Summer Photo Ops That Will Make Your Friends Jealous
Jul 13, 2021
If you’ve checked out the Mammoth Lakes Instagram feed, you know the area is extremely photogenic. From ghost towns and thousand-year-old forests to serene alpine lakes and legendary artwork, Mammoth Lakes has millions of opportunities to make your friends and family jealous of your summer vacation.
When sharing your unforgettable photos of this scenic natural playground in the heart of California’s Sierra Nevada Mountains, use the hashtags #visitmammoth and #nosmalladventure.
For Nature Lovers
When it comes to claims to fame, capturing a photo of yourself with the oldest living trees on the planet is a tough accomplishment to beat. With some tree reaching nearly 4,500 years in age, the shaggy-barked bristlecone pines of the White Mountains are truly ancient, and this region is one of the few places in the world where the trees thrive. With Mount Whitney in the backdrop to the west and several inspiring groves to explore, you can capture a unique and memorable perspective no matter which part of the Ancient Bristlecone Pine Forest you choose to expore.
Find these rare and photogenic trees just 1.5 hours from Mammoth Lakes along one of North America’s most spectacular stretches of highway.
For Rock and Roll Fans
Mono Lake has mesmerized generations of explorers, sightseers and artists with its majestic beauty and one-of-a-kind environment. Few famous photographs capture this scenery better than in Pink Floyd’s Wish You Were Here inside album cover, where Mono Lakes’ bleached tufa towers rise from the shimmering water of this huge desert lake. While it looks other-worldly, this location is only 30 minutes from Mammoth Lakes.
For a tribute, go for a swim and try doing a handstand like in the Pink Floyd artwork. The feat is much harder than you might think, as Mono Lakes is three times saltier than the ocean.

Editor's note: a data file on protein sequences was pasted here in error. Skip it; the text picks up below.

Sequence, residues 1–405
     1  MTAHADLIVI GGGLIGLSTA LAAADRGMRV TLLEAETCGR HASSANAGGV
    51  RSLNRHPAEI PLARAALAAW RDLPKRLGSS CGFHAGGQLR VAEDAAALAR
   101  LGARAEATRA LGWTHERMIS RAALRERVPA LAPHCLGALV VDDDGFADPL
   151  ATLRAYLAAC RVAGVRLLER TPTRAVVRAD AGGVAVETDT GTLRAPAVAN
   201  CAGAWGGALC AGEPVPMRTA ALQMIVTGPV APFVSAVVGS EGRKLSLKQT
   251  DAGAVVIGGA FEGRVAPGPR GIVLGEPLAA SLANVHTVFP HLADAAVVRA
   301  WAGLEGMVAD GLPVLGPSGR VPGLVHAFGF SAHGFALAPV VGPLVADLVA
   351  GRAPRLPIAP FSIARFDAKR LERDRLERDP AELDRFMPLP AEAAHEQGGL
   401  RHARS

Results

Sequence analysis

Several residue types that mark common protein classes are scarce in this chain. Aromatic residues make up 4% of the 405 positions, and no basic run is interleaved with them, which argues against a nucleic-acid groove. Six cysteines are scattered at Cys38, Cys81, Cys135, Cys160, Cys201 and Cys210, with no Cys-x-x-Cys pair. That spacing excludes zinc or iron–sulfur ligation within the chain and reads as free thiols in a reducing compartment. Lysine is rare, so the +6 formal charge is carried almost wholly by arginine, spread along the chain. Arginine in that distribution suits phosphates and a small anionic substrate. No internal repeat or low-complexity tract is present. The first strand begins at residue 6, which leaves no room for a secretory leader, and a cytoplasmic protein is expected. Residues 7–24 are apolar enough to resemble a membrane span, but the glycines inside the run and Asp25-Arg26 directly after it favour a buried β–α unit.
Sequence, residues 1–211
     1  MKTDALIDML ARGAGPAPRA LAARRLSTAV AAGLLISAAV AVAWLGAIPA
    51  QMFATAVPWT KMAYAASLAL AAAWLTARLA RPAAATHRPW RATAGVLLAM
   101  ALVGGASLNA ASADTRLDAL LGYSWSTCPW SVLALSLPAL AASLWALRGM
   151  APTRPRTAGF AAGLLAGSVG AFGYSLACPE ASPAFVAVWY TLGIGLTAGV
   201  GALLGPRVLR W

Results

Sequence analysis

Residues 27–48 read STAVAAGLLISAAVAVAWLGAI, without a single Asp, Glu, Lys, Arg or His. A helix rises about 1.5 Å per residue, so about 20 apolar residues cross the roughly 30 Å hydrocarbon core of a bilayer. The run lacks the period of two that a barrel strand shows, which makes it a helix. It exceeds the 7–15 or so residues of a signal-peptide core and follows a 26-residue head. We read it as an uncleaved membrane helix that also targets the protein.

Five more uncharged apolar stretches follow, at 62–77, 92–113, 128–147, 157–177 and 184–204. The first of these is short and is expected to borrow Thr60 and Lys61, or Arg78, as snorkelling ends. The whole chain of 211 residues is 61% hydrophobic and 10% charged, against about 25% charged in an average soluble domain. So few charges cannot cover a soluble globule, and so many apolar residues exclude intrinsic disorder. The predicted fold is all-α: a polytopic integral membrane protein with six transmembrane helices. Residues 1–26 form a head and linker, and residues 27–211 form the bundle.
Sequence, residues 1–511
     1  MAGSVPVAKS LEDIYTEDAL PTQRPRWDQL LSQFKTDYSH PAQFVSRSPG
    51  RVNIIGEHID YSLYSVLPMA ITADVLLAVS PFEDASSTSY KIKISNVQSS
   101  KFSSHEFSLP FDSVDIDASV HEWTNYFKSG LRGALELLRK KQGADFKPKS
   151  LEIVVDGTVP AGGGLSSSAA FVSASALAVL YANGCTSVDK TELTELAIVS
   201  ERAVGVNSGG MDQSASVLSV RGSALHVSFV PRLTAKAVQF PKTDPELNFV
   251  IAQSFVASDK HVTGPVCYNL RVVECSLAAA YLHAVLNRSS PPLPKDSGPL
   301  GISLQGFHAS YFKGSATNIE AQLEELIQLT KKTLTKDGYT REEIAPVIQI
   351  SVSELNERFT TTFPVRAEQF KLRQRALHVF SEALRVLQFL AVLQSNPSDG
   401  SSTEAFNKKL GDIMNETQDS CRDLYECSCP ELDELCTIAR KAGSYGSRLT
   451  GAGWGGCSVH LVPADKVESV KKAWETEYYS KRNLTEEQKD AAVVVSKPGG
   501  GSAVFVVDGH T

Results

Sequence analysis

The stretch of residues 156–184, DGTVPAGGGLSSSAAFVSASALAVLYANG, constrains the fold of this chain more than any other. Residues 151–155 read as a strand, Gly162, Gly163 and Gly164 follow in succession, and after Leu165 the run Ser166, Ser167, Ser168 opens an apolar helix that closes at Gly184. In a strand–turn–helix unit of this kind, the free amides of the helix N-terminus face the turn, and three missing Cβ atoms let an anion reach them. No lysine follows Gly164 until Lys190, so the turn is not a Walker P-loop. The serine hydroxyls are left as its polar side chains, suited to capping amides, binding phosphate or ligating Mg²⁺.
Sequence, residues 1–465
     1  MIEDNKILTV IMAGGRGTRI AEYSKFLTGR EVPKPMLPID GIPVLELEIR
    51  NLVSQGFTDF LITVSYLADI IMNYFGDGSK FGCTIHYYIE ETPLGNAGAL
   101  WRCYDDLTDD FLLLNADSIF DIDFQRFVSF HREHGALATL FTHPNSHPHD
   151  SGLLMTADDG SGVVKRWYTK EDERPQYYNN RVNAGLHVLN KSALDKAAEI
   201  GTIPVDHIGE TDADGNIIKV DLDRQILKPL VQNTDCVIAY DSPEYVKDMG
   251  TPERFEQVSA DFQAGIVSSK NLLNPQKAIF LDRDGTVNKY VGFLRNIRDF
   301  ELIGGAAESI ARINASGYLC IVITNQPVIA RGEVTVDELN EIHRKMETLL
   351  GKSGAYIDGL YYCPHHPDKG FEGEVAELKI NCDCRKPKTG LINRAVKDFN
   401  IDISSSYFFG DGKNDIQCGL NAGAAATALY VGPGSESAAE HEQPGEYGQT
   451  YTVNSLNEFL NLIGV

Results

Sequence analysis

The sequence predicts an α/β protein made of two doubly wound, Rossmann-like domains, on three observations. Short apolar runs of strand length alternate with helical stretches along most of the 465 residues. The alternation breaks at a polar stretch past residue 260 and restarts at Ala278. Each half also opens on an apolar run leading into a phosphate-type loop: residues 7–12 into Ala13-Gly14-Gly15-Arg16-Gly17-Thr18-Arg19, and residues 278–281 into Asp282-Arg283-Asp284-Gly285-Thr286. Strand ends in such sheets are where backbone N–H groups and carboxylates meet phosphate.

For History Buffs
Mammoth Lakes has a rich mining history, and no place better preserves this heritage than the easily accessible ghost town of Pine City, known today as the Mammoth Consolidated Mine. Found in the shadows of a lodgepole pine forest next to a clear mountain stream, this well-preserved museum in the forest — a small collection of ramshackle buildings and rusting mining equipment — is subject sure to draw the attention of your lens.
For a one-of-a-kind shot, hike the short upper trail for chance to capture the Lakes Basin panorama. With the now dormant cast-iron mining compressor in the foreground and alpine lakes and Mammoth Mountain as a backdrop, taking in this incredible view was a daily occurrence for miners working the claim into the 1930s.
For Classic Photographers
Sandwiched between Lake Mamie and Upper Twin Lake, the tumbling cascades above Twin Lakes are only minutes from downtown Mammoth Lakes in the Mammoth Lakes Basin. Bone-white waterfalls, alpine lakes, mountainous backdrops and deep green forests all contrast in a dazzling array of Mother Nature’s finest scenery, especially in the early summer when water levels over the falls are high.
There are several vantage points to marvel at the falls, allowing for a personalized perspective of this classic Mammoth Lakes landmark. Getting here is easy via the paved Lakes Basin Path, the free Lakes Basin Trolley from the Village at Mammoth or a 5 minute drive.